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Lack of evidence on safety of antidepressant withdrawal methods, study finds


By Beth Gault

27 Apr 2021

There is little evidence that the current approaches for stopping long term antidepressant use are safe and effective in people with recurrent depression, according to a recent study.

The recently published Cochrane review looked at 33 studies with 4,995 adult participants, which recorded different methods of antidepressant withdrawal, including stopping abruptly and stopping gradually over several weeks – or tapering.

Guidelines currently recommend that an antidepressant should be continued for at least six months after patients start feeling better, and for at least two years if they have had two or more periods of depression.

The review concluded that the evidence in this area was ‘very problematic’ and it was uncertain whether the methods studied to date are effective and safe in people with recurrent depression.

In a blog on the review, co-author Ellen Van Leeuwen, said: ‘The rise in long term antidepressant use is a major concern. For example, in the UK nearly half of people using antidepressants (8% of the total population, approximately 3.7 million people) have been taking them for more than two years.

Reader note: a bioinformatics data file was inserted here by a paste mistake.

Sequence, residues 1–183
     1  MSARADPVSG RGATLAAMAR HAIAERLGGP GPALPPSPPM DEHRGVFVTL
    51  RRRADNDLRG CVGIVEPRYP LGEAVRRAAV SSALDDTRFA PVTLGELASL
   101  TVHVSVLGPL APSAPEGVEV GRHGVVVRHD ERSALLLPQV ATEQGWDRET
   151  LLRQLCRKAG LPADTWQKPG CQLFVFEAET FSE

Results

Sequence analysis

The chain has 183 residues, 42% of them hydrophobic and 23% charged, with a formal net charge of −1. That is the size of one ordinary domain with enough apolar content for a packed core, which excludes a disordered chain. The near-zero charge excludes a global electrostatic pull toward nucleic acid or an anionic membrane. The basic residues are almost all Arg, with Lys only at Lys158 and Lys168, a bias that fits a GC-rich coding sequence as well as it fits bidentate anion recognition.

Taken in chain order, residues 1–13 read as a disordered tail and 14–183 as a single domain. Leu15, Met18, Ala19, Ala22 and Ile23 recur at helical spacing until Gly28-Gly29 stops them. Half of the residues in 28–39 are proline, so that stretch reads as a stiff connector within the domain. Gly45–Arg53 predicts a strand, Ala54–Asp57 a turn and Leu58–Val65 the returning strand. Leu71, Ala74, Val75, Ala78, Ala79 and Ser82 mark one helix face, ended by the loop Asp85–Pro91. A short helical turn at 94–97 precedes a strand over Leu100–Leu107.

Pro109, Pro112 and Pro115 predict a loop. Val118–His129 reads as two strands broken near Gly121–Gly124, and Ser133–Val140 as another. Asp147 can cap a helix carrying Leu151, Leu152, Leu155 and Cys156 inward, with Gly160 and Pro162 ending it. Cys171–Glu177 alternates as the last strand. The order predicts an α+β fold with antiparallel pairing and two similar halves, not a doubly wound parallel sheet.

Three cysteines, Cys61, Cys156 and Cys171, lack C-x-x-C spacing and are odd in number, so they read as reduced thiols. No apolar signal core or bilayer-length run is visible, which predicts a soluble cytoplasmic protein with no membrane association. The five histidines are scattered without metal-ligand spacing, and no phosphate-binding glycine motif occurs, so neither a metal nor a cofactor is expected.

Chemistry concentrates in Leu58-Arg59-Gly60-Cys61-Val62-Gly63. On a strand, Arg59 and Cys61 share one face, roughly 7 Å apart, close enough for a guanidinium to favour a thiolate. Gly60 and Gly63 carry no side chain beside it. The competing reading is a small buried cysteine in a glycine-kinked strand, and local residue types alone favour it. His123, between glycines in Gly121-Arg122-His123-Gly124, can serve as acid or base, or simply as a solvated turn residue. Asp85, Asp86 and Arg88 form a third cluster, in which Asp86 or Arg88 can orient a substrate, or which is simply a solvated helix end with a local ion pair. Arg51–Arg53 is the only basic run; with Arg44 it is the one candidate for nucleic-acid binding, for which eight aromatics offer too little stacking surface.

‘Antidepressants that, despite initially being appropriate, are not discontinued after the recommended duration can lead to unnecessary harm and costs.’

She added: ‘Honestly, the evidence in this area is very problematic. It is not possible to make any firm conclusions about the effects and safety of the approaches for discontinuation studied to date. There were only a few studies with a focus on successful antidepressant discontinuation rate.

‘The main problem is that studies did not distinguish between symptoms of relapse of depression and symptoms of withdrawal after discontinuation.’

Withdrawal symptoms can include insomnia, low mood, anxiety and changes to appetite, but they are also recorded on the depression scales used to detect relapse. This could ‘inflate’ the rate of relapse in groups that stop antidepressants, according to co-author Mark Horowitz.

He added: ‘Additionally, most tapering regimes were limited to four weeks or less, in contrast to NICE guidelines recommending tapering over four weeks or more. In fact, there is now increasing recognition that antidepressants might need to be tapered over months or longer than a year to very low doses for long-term users.’

The authors said, despite the inconclusive data, the study would enable clinicians to openly discuss options with their patients, with the potential benefits or harms of continuing or stopping antidepressant use, but that more research was urgently needed.

Ms Van Leeuwen said: ‘This review reinforces the call for more research in the primary care setting, particularly for people with low risk of relapse and those for whom there is uncertainty about the benefit of antidepressant treatment.’


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